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VOL. 7 | NO. 24 | Saturday, June 7, 2014

Touch of History

First Tennessee gives customers a look at its 150-year past

By Andy Meek

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For its 150th anniversary, First Tennessee Bank didn’t want to only blow out the candles, so to speak.

In addition to commemorating the enviable milestone of longevity in an industry as frequently upended as banking, the Memphis-based financial institution wanted to help customers directly feel the impact of the bank’s presence in their community. At the same time, the bank also wants to let customers literally reach out and touch the bank’s history.

First Tennessee has produced a coffee-table-quality book, “The First 150: The First Tennessee Story,” which lays out its story by putting events into a historical perspective.

(Memphis News/Andrew J. Breig)

To help with the latter, First Tennessee has installed a touchscreen kiosk in the lobby of its Downtown headquarters. Kim Cherry, the executive vice president of corporate communications for First Tennessee parent First Horizon National Corp., said the kiosk will help present customers a dynamic view of the First Tennessee story.

The kiosk, which was developed with help from Memphis firms Mind Over Data and Design500, also will help put the bank’s story into perspective, showing how historical facts correspond with the bank’s and the state’s development.

To understand how far back First Tennessee’s history reaches, consider that the bank – which has the 14th-oldest national bank charter in the country – was founded in 1864, the year president Lincoln was elected to a second term.

Meanwhile, First Tennessee’s celebration of its milestone year has included a slew of other moves that honor the occasion.

The company also has produced a coffee-table-quality book, “The First 150: The First Tennessee Story,” which lays out its story in a way not unlike the kiosks, putting events into a historical perspective. Already, First Tennessee has given away about 13,000 copies to chambers of commerce, civic organizations and more.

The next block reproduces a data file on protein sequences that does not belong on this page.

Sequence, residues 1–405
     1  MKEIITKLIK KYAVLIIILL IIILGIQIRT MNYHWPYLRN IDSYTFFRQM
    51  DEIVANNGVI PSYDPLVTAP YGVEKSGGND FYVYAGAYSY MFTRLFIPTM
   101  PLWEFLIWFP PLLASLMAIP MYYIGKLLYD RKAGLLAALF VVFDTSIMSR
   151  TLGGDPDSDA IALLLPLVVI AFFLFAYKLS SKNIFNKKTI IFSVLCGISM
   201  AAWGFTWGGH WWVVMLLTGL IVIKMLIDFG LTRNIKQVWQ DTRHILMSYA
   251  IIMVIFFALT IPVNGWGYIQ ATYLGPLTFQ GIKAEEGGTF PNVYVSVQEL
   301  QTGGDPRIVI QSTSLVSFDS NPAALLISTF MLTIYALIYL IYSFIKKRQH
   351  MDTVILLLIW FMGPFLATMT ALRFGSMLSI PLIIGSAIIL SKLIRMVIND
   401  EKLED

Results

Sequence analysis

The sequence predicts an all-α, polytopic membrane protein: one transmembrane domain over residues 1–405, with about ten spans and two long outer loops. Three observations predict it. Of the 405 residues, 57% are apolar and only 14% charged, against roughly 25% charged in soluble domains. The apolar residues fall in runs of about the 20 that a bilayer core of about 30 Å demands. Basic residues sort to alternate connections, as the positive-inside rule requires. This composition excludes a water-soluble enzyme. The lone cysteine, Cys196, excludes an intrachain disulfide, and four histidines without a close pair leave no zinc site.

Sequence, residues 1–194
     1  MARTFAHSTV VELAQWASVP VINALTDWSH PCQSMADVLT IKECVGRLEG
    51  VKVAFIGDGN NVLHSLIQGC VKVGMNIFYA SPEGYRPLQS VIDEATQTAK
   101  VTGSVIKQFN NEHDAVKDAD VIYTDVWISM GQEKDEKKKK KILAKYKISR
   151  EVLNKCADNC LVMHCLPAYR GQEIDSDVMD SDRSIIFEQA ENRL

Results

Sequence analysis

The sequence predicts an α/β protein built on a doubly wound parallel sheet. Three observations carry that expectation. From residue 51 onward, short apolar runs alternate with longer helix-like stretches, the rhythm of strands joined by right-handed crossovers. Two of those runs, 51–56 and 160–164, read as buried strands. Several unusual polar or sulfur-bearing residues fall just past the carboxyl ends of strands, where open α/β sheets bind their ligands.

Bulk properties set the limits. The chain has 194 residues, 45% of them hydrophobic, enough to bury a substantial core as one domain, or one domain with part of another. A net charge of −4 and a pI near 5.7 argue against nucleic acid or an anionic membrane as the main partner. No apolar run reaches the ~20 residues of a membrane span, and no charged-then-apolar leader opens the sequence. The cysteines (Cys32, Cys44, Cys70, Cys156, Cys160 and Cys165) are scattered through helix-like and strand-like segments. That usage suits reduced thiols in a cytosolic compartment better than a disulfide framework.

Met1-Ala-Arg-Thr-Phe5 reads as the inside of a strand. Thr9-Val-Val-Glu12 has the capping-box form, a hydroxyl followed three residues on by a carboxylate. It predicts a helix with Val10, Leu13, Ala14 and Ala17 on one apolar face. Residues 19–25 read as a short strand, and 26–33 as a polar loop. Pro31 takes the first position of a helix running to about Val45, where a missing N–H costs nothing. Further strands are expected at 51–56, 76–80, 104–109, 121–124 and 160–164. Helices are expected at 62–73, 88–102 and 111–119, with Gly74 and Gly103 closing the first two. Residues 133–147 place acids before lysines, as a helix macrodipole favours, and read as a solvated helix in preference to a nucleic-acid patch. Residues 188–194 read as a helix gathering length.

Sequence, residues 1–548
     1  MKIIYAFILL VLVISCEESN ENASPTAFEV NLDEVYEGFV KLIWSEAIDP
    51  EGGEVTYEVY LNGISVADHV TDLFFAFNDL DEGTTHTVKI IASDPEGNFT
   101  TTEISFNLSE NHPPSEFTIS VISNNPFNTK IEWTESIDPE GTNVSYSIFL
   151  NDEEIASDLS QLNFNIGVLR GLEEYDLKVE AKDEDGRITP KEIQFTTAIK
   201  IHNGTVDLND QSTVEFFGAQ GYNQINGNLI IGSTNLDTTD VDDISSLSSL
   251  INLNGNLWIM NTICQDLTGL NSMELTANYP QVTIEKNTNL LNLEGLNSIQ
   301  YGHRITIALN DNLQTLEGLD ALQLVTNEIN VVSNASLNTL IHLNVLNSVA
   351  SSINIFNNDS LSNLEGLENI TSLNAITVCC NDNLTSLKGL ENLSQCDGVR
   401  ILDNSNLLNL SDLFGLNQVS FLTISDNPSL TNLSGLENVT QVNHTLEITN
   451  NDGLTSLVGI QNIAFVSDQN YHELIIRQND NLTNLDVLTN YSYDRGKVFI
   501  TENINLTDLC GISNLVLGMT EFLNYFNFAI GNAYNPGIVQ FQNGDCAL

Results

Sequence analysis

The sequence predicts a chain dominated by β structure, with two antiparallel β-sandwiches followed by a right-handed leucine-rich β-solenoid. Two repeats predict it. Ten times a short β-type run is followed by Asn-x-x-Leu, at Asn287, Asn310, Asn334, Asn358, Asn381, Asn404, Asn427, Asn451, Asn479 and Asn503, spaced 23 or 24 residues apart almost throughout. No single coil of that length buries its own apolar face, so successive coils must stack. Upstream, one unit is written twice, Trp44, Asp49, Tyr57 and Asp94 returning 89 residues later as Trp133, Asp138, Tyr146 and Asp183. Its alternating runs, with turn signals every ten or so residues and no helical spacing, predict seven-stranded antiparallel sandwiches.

“It combines the history of First Tennessee with the history of Tennessee,” Cherry said.

For example, the book notes how First Tennessee survived the Civil War, yellow fever epidemics, the Great Depression, two World Wars, decades of social change – and how it still endures.

For its 150th anniversary, and for the first time in the Downtown Memphis building’s history, First Tennessee Bank at night is lighting its headquarters at 165 Madison Ave. in a single color – blue.

(Memphis News File/Brandon Dill)

It’s also played a role in the unfolding of that history. In 1864, for example, the federal government chose the bank – originally named First National Bank – to distribute salary payments to Union troops stationed here.

When the yellow fever broke out in 1878, the bank handled relief money donated from other cities, and during World War II, the bank helped provide financing to firms involved in the war effort.

The First Tennessee Foundation was launched in 1993 and focuses its giving around education, economic development, health and human services, and arts and culture.

Beyond education, First Tennessee’s anniversary year also includes a charitable component. For a 150-day period that started March 25, the bank is giving away $5,000 a day, every day, to a different nonprofit.

“When it wraps up, we’ll have given away $750,000,” said Cherry, who a few weeks ago said the bank already had given out about 60 grants. “We started giving away $5,000 a day on March 25, our anniversary day, and that will take us all the way to August.”

Caitlin Markle interfaces with the touchscreen kiosk in the lobby of First Tennessee’s Downtown headquarters.

(Memphis News/Andrew J. Breig)

Eligible organizations are nonprofits the First Tennessee Foundation, which gives away $5 million each year, has supported since 2008, either through a direct grant or matching gift for a First Tennessee employee’s donation, which makes more than 1,000 nonprofits eligible.

Already a few weeks ago, Cherry said the bank’s 1 millionth vote was in sight – with almost three months still to go. She added that the public can vote for up to 10 different nonprofits every day from every device they have, including PCs, tablets, smartphones and more.

Among other things the bank is doing for its anniversary celebration, its headquarters at 165 Madison Ave. is for the first time in the building’s history being lit in a single color – blue.

“With all this, we’re trying to invest in and celebrate and give back as much as we can to the state that’s made our first 150 years possible,” Cherry said.

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